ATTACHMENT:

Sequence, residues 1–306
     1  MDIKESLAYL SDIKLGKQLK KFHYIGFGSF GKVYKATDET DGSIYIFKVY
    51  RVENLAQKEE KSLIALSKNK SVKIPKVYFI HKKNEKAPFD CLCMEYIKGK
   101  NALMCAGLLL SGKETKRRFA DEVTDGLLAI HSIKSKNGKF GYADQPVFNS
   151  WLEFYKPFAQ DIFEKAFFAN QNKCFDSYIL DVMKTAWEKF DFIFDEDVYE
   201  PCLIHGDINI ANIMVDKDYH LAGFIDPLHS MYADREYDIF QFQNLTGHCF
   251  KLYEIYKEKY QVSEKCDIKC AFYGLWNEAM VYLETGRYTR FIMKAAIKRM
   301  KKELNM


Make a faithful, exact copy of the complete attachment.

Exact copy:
Sequence, residues 1–306
     1  MDIKESLAYL SDIKLGKQLK KFHYIGFGSF GKVYKATDET DGSIYIFKVY
    51  RVENLAQKEE KSLIALSKNK SVKIPKVYFI HKKNEKAPFD CLCMEYIKGK
   101  NALMCAGLLL SGKETKRRFA DEVTDGLLAI HSIKSKNGKF GYADQPVFNS
   151  WLEFYKPFAQ DIFEKAFFAN QNKCFDSYIL DVMKTAWEKF DFIFDEDVYE
   201  PCLIHGDINI ANIMVDKDYH LAGFIDPLHS MYADREYDIF QFQNLTGHCF
   251  KLYEIYKEKY QVSEKCDIKC AFYGLWNEAM VYLETGRYTR FIMKAAIKRM
   301  KKELNM